Emmanuel Macron is a master seducer. During his recent trip to the U.S., he pulled off a feat that would be impossible for any American politician — he secured praise from the American media outlets on both the left and the right.
While Trump’s close relationship with Macron generally fascinates the media, conservative commentators have been especially positive, since it seems to show an area of politics where Trump’s personality is an asset. Macron has capitalized on this to reach out to the Right: In an interview with Fox News, he remarked that he and Trump are similar, as they are both political outsiders. Macron even appropriated Trump’s MAGA slogan — he wants to Make France Great Again! Conservative pundits, rejoicing at Macron’s push for domestic free-market reforms, have claimed him as one of their own. Newt Gingrich wrote that Macron and Trump are both trying to “drain the swamp” in their respective countries. In this analysis, Macron is a friend of conservatism: He is a free-marketeer and has a “Greatness Agenda.” But it fails to take notice of Macron’s speech at the European Parliament on April 17, when he outlined his agenda to renew “European sovereignty.” As any reader of Hobbes’s Leviathan will know, more “European” sovereignty must mean less French sovereignty. The French people will have less power to elect representatives who can make and change the laws of their own country. Macron is less interested in French greatness, and more interested in European greatness.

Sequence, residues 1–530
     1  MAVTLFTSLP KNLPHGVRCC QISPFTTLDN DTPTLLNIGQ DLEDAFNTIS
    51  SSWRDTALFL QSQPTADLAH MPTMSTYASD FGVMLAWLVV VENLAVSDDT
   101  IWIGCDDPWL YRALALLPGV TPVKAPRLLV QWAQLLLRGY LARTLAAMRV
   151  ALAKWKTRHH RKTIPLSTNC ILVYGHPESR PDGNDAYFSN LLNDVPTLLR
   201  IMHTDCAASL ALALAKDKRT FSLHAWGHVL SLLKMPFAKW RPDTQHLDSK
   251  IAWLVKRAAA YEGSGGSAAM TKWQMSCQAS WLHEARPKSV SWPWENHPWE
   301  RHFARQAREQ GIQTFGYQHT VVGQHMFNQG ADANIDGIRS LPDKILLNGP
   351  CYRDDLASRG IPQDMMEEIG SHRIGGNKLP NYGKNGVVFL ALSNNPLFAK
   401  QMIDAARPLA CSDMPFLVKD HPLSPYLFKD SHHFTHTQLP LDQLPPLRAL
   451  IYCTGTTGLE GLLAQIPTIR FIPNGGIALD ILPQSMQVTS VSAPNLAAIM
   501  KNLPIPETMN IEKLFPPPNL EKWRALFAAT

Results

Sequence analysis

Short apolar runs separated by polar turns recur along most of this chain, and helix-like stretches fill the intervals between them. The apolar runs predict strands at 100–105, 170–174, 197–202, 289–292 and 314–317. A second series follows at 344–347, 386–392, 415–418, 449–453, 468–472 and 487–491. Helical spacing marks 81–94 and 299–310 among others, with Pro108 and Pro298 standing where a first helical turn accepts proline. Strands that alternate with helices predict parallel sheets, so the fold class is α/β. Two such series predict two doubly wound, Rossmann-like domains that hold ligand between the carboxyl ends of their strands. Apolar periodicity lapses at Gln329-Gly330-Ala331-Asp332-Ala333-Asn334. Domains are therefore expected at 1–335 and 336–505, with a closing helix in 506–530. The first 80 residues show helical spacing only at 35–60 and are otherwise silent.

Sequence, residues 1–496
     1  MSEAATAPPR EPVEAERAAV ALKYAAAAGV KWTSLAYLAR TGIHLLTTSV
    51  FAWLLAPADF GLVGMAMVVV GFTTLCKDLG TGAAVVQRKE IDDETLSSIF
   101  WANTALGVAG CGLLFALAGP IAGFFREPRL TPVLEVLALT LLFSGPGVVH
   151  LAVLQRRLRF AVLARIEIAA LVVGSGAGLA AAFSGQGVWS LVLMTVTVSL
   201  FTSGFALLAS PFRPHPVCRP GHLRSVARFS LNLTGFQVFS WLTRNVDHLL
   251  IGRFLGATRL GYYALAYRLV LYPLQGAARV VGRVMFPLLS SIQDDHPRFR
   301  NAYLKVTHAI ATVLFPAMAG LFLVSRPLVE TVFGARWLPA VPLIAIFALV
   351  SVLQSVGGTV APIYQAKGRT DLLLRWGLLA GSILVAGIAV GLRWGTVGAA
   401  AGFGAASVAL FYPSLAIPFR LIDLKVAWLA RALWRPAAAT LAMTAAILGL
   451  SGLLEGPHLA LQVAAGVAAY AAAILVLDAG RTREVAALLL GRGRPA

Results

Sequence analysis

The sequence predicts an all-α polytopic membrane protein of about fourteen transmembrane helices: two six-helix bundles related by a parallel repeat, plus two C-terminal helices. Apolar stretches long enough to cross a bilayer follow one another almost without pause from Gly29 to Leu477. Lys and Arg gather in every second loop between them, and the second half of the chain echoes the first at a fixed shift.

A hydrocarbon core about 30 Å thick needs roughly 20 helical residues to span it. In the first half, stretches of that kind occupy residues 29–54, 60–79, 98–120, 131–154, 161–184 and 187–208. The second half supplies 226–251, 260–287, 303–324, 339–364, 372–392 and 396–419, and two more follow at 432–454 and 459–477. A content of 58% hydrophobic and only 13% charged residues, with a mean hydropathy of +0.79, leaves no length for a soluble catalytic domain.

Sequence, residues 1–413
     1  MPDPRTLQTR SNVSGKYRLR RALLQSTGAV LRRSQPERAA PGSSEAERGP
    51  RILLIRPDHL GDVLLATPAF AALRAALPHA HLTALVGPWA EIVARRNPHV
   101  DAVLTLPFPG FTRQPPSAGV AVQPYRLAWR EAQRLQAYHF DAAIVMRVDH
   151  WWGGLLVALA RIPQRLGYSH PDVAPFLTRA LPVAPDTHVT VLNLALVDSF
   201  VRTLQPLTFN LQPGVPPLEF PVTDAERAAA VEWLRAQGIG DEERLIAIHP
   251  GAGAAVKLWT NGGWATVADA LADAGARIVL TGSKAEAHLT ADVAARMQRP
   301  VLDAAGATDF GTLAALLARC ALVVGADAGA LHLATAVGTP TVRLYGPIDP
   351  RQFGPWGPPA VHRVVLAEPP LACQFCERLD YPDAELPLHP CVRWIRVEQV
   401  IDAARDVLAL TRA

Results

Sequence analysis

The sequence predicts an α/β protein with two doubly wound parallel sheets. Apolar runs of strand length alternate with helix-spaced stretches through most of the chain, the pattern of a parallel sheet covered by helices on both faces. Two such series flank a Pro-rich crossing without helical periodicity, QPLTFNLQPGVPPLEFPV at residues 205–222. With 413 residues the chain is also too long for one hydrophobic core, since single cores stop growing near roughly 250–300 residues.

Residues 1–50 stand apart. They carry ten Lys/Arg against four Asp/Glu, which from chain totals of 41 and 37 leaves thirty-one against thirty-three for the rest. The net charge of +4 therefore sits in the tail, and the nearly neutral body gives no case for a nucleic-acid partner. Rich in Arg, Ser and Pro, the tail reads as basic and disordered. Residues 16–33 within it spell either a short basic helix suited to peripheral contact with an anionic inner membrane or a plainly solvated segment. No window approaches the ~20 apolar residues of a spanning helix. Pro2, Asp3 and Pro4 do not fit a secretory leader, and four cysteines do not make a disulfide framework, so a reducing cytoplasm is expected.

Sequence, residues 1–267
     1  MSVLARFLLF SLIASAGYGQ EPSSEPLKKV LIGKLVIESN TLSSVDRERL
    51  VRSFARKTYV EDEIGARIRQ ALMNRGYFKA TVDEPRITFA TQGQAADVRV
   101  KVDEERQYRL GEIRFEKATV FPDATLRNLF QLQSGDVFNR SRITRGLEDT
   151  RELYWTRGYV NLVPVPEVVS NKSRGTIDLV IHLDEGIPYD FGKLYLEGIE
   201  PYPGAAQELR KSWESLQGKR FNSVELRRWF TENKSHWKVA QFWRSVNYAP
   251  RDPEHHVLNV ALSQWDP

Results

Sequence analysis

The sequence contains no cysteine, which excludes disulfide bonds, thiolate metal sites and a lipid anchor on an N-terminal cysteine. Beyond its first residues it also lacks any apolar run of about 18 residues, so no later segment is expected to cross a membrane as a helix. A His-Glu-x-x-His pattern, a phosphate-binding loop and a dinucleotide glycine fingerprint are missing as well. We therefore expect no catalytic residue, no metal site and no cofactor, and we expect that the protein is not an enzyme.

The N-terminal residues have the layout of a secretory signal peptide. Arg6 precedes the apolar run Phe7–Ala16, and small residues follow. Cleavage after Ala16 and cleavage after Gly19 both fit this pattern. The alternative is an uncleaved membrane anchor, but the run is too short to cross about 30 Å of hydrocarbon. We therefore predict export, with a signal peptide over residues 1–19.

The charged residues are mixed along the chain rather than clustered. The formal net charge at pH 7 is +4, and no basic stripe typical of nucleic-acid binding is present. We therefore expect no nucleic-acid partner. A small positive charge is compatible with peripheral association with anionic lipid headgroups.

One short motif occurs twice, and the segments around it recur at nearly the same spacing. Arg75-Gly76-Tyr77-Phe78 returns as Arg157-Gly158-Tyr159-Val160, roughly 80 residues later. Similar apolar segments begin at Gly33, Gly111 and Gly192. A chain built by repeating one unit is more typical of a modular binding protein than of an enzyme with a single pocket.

Those writing on the left have caught on to the fact that Macron’s “Greatness Agenda” differs from Trump’s. After all, Macron supports the Iran deal and the Paris Agreement, embracing Obama’s legacy. When Trump withdrew from the Paris Agreement, Macron’s social-media slogan was “Make Our Planet Great Again.” Addressing Congress, Macron established that he does not “share the fascination for new strong powers, the abandonment of freedom, and the illusion of nationalism,” in a thinly veiled critique of Trump. Macron’s April 17 speech gave further evidence of his anti-Trump credentials, as he claimed that America “is rejecting multilateralism, free trade, and climate change.” For challenging Trump in these terms, the New York Times’ Roger Cohen declared that “the world owes one to France, big time.”